Anyone who knows me even slightly can tell you how much I hate technology, particularly when it doesn’t work. Even as I write, I’m on hold with our TV service provider, trying to find out why the replacement remote control I ordered two weeks ago has yet to arrive. This is the fourth phone call I’ve made to the company about this issue, and my blood is just about boiling and I’m ready to pull my hair out. Such a simple task should not require so much time and energy.
I don’t like change, particularly when it comes to technology. I like the screen on my smart phone to always look the same (all the icons should be in the same place, colors should be consistent, etc.). When I replaced our portable home phones a year or two ago, I purchased the same brand, and virtually the same phone, but it’s just different enough to cause me aggravation. I can’t figure out how to access our missed calls, mute the phone, or put a call on hold and accept a new call, like I could with the last set of phones.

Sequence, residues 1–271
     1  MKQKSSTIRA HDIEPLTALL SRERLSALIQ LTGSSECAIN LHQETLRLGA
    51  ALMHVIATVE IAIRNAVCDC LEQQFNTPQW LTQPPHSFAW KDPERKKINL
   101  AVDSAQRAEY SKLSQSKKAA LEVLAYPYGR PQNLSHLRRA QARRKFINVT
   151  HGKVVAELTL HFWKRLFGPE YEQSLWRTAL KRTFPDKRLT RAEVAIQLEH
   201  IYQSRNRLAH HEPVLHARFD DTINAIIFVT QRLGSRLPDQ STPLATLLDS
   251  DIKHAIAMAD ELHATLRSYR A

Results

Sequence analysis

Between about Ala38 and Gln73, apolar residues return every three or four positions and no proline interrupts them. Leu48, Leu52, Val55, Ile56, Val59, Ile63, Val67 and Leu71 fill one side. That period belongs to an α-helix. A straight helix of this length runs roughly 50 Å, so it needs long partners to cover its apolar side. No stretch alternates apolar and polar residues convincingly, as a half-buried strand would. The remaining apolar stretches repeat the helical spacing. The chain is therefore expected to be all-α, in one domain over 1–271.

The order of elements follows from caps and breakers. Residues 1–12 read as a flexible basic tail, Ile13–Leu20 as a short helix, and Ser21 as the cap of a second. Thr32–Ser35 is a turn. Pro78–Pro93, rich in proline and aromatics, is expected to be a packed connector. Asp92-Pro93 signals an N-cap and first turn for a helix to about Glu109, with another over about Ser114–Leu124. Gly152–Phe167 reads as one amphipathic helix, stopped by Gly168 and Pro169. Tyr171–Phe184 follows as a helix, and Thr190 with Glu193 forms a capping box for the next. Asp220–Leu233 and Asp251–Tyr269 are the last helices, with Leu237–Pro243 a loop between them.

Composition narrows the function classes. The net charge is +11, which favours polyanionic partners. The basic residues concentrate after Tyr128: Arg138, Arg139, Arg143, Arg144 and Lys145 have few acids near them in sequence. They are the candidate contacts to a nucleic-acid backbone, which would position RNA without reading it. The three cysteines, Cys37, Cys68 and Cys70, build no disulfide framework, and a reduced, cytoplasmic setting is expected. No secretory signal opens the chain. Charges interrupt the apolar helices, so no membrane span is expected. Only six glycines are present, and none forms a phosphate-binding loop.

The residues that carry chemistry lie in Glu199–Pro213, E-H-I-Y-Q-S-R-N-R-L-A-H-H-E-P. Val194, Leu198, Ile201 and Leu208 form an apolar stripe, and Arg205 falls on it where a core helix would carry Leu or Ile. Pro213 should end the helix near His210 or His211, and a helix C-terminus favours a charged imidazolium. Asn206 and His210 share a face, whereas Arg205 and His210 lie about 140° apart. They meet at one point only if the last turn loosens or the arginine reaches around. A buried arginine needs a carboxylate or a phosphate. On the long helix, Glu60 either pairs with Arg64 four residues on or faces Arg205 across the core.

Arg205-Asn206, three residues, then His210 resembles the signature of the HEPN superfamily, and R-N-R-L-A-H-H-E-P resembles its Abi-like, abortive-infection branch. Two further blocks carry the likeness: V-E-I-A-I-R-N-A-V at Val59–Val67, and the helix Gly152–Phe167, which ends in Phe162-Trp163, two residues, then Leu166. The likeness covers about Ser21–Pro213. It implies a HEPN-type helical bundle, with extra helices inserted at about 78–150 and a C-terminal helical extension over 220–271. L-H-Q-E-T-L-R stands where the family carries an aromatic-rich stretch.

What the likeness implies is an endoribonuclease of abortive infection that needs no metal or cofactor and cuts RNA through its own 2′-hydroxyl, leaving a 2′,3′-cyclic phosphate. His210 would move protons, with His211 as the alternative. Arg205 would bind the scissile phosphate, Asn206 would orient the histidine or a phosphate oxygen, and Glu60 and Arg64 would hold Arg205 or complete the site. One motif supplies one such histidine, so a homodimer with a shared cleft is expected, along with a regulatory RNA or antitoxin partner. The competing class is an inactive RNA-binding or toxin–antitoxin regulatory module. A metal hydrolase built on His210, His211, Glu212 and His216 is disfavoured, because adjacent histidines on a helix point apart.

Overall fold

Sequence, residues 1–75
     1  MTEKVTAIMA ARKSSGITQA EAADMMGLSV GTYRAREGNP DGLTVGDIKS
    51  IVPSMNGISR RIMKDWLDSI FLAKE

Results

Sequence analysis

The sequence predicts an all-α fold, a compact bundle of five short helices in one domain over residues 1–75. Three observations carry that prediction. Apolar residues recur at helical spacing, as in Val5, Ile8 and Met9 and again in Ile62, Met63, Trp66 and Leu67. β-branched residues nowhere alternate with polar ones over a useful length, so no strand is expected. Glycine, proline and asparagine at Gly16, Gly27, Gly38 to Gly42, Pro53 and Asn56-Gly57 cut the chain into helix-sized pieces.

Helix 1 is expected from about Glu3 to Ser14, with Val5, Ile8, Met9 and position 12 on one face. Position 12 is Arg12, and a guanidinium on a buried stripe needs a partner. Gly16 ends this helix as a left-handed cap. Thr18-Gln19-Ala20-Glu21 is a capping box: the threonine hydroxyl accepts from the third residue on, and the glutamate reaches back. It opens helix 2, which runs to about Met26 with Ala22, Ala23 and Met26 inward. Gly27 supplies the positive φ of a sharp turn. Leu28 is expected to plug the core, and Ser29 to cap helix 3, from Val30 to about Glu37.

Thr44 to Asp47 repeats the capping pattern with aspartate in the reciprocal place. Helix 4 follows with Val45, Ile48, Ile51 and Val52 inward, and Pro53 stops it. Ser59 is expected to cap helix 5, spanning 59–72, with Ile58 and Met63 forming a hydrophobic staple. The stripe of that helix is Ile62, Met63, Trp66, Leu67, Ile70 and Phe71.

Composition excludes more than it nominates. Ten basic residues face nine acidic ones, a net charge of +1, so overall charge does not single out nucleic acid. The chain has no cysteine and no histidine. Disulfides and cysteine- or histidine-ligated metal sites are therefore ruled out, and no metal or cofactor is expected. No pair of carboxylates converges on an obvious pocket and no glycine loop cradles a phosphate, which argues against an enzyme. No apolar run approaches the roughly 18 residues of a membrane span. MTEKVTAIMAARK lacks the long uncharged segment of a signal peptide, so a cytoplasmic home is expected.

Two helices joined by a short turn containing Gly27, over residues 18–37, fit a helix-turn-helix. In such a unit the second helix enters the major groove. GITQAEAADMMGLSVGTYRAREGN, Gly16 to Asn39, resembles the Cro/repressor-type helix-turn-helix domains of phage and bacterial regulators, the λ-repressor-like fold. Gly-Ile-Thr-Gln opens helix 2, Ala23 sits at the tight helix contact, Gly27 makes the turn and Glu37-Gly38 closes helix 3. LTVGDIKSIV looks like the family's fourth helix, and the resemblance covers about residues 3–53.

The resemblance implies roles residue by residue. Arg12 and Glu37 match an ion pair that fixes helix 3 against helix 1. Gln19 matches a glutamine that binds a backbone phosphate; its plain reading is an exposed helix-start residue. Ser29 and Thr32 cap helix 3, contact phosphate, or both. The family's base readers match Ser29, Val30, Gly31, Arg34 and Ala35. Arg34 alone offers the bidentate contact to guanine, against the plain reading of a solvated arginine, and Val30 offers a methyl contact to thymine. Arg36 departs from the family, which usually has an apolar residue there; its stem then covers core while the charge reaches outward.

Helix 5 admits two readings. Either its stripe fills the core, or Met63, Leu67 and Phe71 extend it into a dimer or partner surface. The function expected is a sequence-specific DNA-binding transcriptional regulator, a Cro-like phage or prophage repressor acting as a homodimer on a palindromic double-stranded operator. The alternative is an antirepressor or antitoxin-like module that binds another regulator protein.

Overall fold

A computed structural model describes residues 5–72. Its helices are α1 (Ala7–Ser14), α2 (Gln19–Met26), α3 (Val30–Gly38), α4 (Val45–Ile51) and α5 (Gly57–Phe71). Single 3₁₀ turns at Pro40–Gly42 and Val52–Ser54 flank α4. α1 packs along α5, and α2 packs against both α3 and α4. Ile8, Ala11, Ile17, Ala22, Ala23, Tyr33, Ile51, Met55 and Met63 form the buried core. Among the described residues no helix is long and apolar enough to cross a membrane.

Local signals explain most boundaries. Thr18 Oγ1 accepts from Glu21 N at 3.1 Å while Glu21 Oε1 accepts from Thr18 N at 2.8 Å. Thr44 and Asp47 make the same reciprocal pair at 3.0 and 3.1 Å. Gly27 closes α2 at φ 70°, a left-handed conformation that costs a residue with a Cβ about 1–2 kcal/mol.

Then there are my computers … I have a home computer and a work laptop that sit side by side on my home office desk. Nothing frightens me more than when one of them isn’t working, or if I receive an error message, or I think that there’s a virus. I start panicking and try figuring it out on my own until I wind up calling technical support and leave it to the experts.
I like the option of having someone work remotely on the problem … I simply make a call, follow the instructions, which usually involve clicking on a couple of boxes, and wait for a small magic arrow to appear, while Susan or Jamie or Kurt handles the problem from a computer far, far away. Whoever invented this method of computer repair should be the next president of the United States, as far as I’m concerned.
By this point in my life, I’m able to solve some technology problems on my own — I always get a sense of satisfaction in doing it myself — but more often than not, I’m happy to let Susan or Jamie or Kurt fix it.